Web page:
My first few years teaching I had a grand-sized classroom, I even had my very own prep room. I had an endless amount of drawers, all of which were mine, all mine (and how I took them for granted). I had shelves, I had cabinets, I even had a large cabinet with my very own coat rack! I almost had too much room!
Then, I moved 90 miles away, I was hired at a new school about 2 days before school began, and I showed up the next day to set up my classroom, and hit a brick wall.
Ya know that saying, you don’t know what you got till it’s gone?
I’ve been on a cart for 2 years, and this will be my 3rd. I guess you could say in some ways I’m a slow learner. I am a very go-with-the-flow person, and *gasp* I don’t always plan ahead. I think because I had no idea what it would be like living on a cart going from room to room, because I could not imagine such a thing, I could not plan for it. The first year you would have thought it was my first year teaching! I’d show up to one classroom having left papers in the last classroom I was in. The kids could pick up on my disorganized disarray, and it was not for the better. That is a major NO-NO. If you’re on a cart you have to think of it this way- you’re a guest in another person’s classroom. When leaving the classroom, you want it to look just how it did as when you first entered it. To take the ten seconds of your time to look around the room before you leave to make sure you have everything that is yours is not only courteous, but more importantly, it helps you to stay organized! The most important thing is to make sure you make a conscientious effort to leave everything on the cart. You do not have the time or mental capacity for frustration when realizing you left paperwork in the previous classroom and you have to go get it yourself, or most likely ask a student to do it for you.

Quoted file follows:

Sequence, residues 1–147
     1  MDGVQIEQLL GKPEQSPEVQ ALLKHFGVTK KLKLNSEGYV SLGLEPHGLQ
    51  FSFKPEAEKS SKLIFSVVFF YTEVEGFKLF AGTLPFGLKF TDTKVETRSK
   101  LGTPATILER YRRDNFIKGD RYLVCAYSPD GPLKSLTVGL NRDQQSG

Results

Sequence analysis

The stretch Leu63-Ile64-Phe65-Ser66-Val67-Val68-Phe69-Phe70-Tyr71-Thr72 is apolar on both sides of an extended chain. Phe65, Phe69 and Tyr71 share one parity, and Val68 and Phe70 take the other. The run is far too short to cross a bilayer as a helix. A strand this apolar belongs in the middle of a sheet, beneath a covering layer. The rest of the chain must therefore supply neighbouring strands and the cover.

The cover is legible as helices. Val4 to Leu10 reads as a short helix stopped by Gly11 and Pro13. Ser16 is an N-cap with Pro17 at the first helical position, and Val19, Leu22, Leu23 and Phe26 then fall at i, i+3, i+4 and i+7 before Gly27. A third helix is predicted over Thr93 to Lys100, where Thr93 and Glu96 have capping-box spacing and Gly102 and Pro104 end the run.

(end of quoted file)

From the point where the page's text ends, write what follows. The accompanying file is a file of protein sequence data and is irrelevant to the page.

You have to think of the cart like a mini classroom. Draw out the plans if you have to as if you were designing a room. Your best friend? Paper organizers! I had a stacked paper organizer that I labeled in descending order “Period 1, Period 2” so on and so forth. This was for papers that were corrected and had to be passed back. Next to that I had a vertical organizer which I kept folders in, again labeled Period 1, Period 2, etc. I noticed that clipboards with attendance sheets work just as well as the paper folders, depending on your budget. Behind the attendance/grading sheet would go any collected papers, and use the sheet to write down their grades. Again, once the grades were in, I’d move them to the stacked organizer. I also had a simple plastic container which contained overhead markers, pens, pencils, chalk, whiteboard markers, etc. And, a final vertical paper organizer for the worksheets, labs, etc. that we would be doing for that day. Every couple of days I would remove the old papers, but you don’t want to do that right away in case of absences- so that particular vertical organizer should have at least 8 slots! On the bottom of my cart I had yet another paper organizer. This had white lined paper, computer paper, blank tables of contents, course syllabuses, etc. I found that this set-up was most effective, and really, it had everything you needed, you just had to keep on top of it.
The absolute worst thing about not having your very own classroom is that you miss out on all that multi-tasking time-management opportunities. When there was downtime, say if the kids were testing or doing some bookwork, I would always use this to tidy up my desk, organize papers, grade, etc. When you’re on a cart, you don’t have your own classroom to be able to do that in. Sure, you can spend any down time organizing your cart but you can only do that up to a certain point. I would often find myself disappointed because if I didn’t think to bring papers to grade with me. This usually ends up in spending more time after-school that you need for yourself, and takes away from after-school time that the kids need, or of course, you end up staying longer hours.
I welcome any further tips you have. I personally don’t think any teacher should be on a cart, but times are tough, and unfortunately not enough money is invested in education. Teachers are seemingly becoming a politician’s worst nightmare (which I find asinine considering I’ve seen ZERO politicians in my school observing, nor have any of them ever been teachers themselves- if that were the case I’m sure there would be some fresh, more accurate perspectives), and we end up crammed in schools busting at the seams where there is just not enough room. Perhaps some of you look at it in a more optimistic way, which I would also welcome you to share.